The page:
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Macroscopic and microscopic typology: Basic Valence Orientation, more pertinacious than meets the naked eye

  • Frans Plank EMAIL logo and Aditi Lahiri
From the journal Linguistic Typology


Basic Valence Orientation has been suggested as a typological parameter by Nichols, Peterson, & Barnes (2004). Generalising over the entire lexicon, the idea is that languages can be distinguished as transitivising or detransitivising, depending on whether their verbs are basically intransitive or transitive and the opposite valency values require some means of derivation, such as causativisation or decausativisation. Whereas derivedness among valency opposites is assessed through easy-to-spot overt segmental morphological or syntactic markers by Nichols et al. (2004), we argue that phonological alternations, on their own or attendant upon conjugation class switches between intransitives and transitives, can be as directed as derivations are which are implemented through adding segmental markers. Illustrating from German, we show that stem vowel patterns in strong and corresponding weak verbs (with the former expressing inflectional categories through ablaut) as well as umlaut alternations in verb derivation are systematically involved in valency oppositions and are both directed. Thus, German emerges as being typologically mixed, being strongly transitivising on the grounds of such asymmetric formal patterns, while also showing (as observed by Nichols et al. 2004) a detransitivising or indeterminate disposition through syntactic “middle” marking or verb lability. This typological result is also of diachronic significance, insofar as the older transitivising inclination is seen to have been remarkably pertinacious, long surviving the loss of the affixal valency-increasing morphology of Common Germanic and able to hold its own against more recent detransitivising competition.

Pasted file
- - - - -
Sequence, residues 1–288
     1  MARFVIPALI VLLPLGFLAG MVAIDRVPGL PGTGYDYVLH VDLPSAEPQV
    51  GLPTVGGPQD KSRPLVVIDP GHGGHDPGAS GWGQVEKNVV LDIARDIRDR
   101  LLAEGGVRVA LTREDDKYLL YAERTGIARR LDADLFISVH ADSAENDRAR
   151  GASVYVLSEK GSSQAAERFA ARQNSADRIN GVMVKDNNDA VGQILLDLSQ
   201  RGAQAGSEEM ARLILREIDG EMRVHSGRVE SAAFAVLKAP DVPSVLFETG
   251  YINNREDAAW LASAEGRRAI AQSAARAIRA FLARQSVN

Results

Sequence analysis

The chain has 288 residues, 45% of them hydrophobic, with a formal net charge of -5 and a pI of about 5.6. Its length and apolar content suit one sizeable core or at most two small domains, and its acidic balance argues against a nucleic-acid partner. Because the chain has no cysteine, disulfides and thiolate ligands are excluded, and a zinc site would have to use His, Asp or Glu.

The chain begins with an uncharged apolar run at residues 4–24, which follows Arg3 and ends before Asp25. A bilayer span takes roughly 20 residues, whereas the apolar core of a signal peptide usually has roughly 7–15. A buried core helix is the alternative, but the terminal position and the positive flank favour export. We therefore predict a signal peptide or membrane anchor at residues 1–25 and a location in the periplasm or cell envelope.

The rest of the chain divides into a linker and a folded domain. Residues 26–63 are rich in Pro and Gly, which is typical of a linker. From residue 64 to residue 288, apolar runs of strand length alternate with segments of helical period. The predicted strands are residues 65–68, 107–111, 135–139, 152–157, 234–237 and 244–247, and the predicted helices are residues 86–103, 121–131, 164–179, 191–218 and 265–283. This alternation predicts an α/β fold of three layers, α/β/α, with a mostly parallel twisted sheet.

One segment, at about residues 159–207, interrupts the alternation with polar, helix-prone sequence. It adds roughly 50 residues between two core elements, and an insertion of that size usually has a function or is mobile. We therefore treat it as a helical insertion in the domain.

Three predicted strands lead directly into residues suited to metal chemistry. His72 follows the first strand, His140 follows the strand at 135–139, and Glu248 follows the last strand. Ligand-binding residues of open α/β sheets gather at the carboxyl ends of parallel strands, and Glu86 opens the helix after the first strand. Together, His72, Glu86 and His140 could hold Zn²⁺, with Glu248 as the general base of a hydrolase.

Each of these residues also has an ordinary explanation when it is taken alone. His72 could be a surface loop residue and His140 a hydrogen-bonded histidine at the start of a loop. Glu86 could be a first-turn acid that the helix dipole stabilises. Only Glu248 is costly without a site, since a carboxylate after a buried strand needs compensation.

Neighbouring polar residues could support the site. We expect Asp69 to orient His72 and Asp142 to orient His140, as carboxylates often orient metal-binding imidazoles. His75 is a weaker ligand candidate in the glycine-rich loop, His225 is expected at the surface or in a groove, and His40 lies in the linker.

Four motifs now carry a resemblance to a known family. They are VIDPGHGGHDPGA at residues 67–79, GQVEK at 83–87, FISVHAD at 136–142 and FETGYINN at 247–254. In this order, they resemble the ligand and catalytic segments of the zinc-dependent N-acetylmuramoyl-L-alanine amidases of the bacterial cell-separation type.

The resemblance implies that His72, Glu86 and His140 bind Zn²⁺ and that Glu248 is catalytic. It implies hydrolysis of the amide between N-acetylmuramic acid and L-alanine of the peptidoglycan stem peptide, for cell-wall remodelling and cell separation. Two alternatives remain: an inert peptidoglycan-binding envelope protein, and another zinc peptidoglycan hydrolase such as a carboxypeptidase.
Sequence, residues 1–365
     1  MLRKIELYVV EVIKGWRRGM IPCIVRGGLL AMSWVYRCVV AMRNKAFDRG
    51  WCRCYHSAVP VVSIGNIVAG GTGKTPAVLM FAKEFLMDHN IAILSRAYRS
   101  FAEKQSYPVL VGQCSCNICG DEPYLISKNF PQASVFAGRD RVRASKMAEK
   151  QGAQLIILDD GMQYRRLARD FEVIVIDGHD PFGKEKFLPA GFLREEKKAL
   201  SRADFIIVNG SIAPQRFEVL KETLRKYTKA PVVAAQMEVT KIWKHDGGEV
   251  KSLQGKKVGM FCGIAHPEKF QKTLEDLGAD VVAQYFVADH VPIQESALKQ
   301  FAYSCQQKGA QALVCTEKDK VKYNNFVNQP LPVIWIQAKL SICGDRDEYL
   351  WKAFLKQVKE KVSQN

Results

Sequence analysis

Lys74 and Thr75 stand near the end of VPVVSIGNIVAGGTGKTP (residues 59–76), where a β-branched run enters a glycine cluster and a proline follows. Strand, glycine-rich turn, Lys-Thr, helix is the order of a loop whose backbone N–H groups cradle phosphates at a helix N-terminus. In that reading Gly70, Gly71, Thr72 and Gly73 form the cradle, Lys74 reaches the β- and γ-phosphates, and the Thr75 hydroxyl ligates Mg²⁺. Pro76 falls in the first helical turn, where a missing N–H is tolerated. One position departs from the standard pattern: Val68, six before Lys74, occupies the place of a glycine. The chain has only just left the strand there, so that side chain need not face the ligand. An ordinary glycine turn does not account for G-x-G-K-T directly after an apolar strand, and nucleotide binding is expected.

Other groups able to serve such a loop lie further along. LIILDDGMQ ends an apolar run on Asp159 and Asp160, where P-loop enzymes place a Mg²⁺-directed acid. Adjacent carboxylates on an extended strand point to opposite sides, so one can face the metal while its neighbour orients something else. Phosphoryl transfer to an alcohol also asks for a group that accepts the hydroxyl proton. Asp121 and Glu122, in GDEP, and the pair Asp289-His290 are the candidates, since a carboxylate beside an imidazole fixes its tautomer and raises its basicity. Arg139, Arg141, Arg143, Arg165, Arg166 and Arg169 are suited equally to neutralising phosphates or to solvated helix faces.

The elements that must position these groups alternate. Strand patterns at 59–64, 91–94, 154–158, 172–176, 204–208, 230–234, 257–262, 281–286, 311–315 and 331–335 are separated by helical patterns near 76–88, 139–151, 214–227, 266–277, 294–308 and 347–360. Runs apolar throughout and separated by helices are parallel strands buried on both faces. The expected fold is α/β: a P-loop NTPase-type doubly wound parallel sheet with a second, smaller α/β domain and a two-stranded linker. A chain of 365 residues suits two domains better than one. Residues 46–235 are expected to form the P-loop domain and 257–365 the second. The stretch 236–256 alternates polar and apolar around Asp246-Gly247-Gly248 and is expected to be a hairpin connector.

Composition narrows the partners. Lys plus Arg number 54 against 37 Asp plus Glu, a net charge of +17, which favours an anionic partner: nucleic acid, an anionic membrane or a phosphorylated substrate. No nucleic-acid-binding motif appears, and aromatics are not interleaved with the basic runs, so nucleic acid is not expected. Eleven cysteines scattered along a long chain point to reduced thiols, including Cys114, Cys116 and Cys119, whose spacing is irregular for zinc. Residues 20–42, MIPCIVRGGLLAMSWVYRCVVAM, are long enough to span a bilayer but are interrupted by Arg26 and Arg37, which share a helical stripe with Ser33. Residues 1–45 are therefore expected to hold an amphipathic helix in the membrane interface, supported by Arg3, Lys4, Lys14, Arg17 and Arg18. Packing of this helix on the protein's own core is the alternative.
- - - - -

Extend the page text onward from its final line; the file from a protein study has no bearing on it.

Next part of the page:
An earlier version of this article was presented at ALT 8, Berkeley, 23–26 July 2009, and on many occasions hence. Thanks to audiences, correspondents, and several (three?) pertinacious LT reviewers for keeping us rethinking and rewriting even when our own pertinacity was flagging, and to Johanna Nichols for much-appreciated continuing encouragement and advice.


1/2/3 = 1st/2nd/3rd person; CAUS = causative; IMP = imperative; IND = indicative; INF = infinitive; PL = plural; PRES = present; PRTCP = participle; SG = singular; SUB = subjunctive.


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Received: 2011-9-5
Revised: 2015-1-31
Published Online: 2015-5-1
Published in Print: 2015-5-1

©2015 by De Gruyter Mouton

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